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White Sox select shortstop T. Anderson at No. 17

Athletic middle infielder helps fill void in Minor League system

CHICAGO -- Tim Anderson's name was read by Major League Baseball Commissioner Bud Selig on Thursday night around 7:45 p.m. CT, and to be honest, the 19-year-old's immediate reaction turned to shock.

It wasn't so much shock that the White Sox made the multi-talented shortstop their first selection at No. 17 overall. It was more shock that a player who had as many offers to play basketball as he did to play baseball coming out of high school two years ago, which would be one, now was a first-round selection.

"I never thought I would be here some day," Anderson said on a conference call.

"We had him lined up with pretty much college pitching and guys in the middle of the field we felt were impact type," said White Sox director of amateur scouting Doug Laumann of Anderson, who was their top-rated middle infielder and has Larry Reynolds as his family advisor. "It turned out where we got the one we felt was the biggest impact."

Anderson was named a First-Team NJCAA Division II All-American in 2013 as a sophomore for East Central Community College in Mississippi, the one school that made him a baseball offer. The right-handed-hitting shortstop stands as a finalist for the NJCAA Division II Player of the Year after hitting .495 with 62 runs scored and 41 stolen bases. He added 10 homers, 11 triples, 18 doubles, 45 RBIs, a .563 on-base percentage and an .864 slugging percentage.

As a freshman in 2012, Anderson was not thrown out in 30 steal attempts.

White Sox general manager Rick Hahn warmly welcomed Anderson during a post-selection phone call, telling him that a number of White Sox people watched him play and "each one came back more excited than the next."

In selecting Anderson, the White Sox took the best player available, as Laumann had talked about prior to the Draft. They also filled a major middle-infield need and added another athlete to the mix.

"There were probably more tense moments this year than we had in the past," Laumann said. "The guys went that we thought were going to go. It was a little bit different order than what we expected in a few cases, but I'm not going to shy away from saying he was our target. He was the guy we felt was the best guy. We are certainly happy to get him and get him started."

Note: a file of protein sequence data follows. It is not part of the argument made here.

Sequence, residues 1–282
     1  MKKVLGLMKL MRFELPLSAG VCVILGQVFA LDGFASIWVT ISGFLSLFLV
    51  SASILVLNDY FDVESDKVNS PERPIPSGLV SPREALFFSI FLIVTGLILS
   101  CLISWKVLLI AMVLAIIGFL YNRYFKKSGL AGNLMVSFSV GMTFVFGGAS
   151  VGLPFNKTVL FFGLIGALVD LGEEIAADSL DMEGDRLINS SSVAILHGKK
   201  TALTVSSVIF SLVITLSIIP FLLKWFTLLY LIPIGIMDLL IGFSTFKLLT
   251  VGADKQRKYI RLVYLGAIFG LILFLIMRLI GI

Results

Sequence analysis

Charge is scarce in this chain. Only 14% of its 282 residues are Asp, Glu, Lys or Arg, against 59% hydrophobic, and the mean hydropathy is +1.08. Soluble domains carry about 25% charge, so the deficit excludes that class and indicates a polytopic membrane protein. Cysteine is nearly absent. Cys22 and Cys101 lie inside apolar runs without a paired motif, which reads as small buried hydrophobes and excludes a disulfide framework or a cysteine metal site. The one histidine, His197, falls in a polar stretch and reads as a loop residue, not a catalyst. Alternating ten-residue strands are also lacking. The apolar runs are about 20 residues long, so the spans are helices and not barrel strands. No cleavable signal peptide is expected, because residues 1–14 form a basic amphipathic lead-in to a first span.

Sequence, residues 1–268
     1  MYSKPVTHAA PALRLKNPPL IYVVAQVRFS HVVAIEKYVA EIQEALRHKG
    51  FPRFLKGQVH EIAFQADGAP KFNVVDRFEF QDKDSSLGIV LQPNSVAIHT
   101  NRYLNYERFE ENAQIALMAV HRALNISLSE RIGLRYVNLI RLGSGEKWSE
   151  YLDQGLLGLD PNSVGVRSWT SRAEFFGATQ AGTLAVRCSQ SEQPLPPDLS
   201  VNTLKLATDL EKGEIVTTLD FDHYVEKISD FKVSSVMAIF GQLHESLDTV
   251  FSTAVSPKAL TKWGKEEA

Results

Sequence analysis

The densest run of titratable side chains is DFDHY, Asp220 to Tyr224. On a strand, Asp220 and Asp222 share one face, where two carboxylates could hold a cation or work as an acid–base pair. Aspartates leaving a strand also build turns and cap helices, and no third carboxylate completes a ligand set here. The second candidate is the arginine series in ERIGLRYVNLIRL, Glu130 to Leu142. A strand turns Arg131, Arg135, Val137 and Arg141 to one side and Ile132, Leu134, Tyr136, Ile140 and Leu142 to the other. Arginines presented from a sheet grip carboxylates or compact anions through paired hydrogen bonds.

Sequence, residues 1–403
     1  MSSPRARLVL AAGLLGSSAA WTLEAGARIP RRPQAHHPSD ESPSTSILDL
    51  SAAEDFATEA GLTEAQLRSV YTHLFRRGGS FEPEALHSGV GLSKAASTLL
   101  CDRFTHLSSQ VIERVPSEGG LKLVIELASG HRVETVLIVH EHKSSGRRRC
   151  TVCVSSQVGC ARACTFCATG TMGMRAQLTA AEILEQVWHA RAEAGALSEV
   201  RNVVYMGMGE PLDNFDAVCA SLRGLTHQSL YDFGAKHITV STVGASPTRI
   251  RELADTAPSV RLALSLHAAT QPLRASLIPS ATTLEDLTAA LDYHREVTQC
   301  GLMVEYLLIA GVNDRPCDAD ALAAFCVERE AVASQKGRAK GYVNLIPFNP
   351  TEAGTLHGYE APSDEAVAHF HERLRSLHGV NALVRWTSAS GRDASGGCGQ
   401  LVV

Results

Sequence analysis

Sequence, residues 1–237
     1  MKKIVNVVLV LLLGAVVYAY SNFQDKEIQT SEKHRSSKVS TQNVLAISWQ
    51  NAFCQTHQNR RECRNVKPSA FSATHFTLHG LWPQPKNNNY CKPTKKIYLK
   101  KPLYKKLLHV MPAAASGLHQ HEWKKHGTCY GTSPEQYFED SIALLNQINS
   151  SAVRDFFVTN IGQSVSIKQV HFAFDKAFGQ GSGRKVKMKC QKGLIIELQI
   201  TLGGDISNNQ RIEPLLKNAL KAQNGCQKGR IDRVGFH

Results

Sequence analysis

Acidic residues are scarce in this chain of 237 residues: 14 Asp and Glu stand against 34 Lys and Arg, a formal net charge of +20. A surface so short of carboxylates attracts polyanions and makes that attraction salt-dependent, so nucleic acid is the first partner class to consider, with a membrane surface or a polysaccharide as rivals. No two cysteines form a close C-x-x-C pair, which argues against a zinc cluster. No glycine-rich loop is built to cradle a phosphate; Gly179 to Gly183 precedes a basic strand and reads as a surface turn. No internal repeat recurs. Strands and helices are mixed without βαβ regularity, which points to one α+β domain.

"I'm not a complete player yet, but one day I will be in the White Sox organization," said the 6-foot-1, 180-pound Anderson. "I'm not a power guy, but a gap-to-gap guy with potential to have a lot of power as I get stronger. I don't swing and miss a whole lot."

With those self-described set of qualities, Anderson loosely has been projected as a top-of-the-order guy and will be given every chance to prove himself as a shortstop. Anderson knows there are people who doubt he can play that position at a higher level, but he's ready to take on the doubters.

Laumann mentioned that Anderson has the bat to move positions, possibly to the outfield, and that some White Sox people who watched him thought he could even fit as a No. 3 hitter. Some of the pre-Draft comparisons mention Reds second baseman Brandon Phillips, but when asked on Thursday night, Anderson went with the Blue Jays' Jose Reyes.

"We have the same tool package," said Anderson of Reyes. "I'm tough to beat if I'm giving it my all every play. This year, I had a great year. It was very exciting. Showing up at the games and there were a bunch of scouts there. I'm just happy to be a White Sox."

"One thing he can do is he can change a game," said Laumann of Anderson, who was scouted by executive vice president Ken Williams, assistant general manager Buddy Bell and all the White Sox supervisors. "His ability to get on base with his on-base percentage as well as his ability to take extra bases, that's one of the things that we thought was really exciting about him."

Day 2 of the Draft continues with Rounds 3-10, streamed live on on Friday, beginning with a preview show at 11:30 p.m. CT And Rounds 11-40 will be streamed live on on Saturday, starting at noon.'s coverage includes Draft Central, the Top 100 Draft Prospects list and Draft Tracker, a live interactive application that includes a searchable database of Draft-eligible players. You can also keep up to date by following @MLBDraft on Twitter. And get into the Draft conversation by tagging your tweets with #mlbdraft.

Joining Anderson among White Sox Day 1 picks was Tyler Danish, a 6-foot-2, 190-pound right-handed pitcher out of Durant High School in Plant City, Florida, who was taken at No. 55 in the second round. Danish finished his senior year at 15-1 with no earned runs allowed in 94 innings pitched.

When outfielder Courtney Hawkins was taken by the White Sox at No. 13 in the 2012 First-Year Player Draft, he did a back flip in full suit and dress shoes during his MLB Network interview. Anderson passed on the same reaction Thursday, partially because he was in a state of happy shock over the pick and partially because he couldn't execute the move.

At some point in the not too distant future, the White Sox hope to flip over the duo's performance in Chicago.

In the Pipeline
Alexei Ramirez currently is stationed at shortstop for the White Sox, in the second season of a four-year, $32.5-million deal, while Gordon Beckham capably holds down second base. Carlos Sanchez is one of the club's few middle-infield prospects at Triple-A Charlotte, but as Laumann pointed out, the one-time standout basketball player, who had an offer to play hoops at Itawamba Community College, could fit outside the current middle-infield projection.

Scott Merkin is a reporter for Read his blog, Merk's Works, and follow him on Twitter @scottmerkin.
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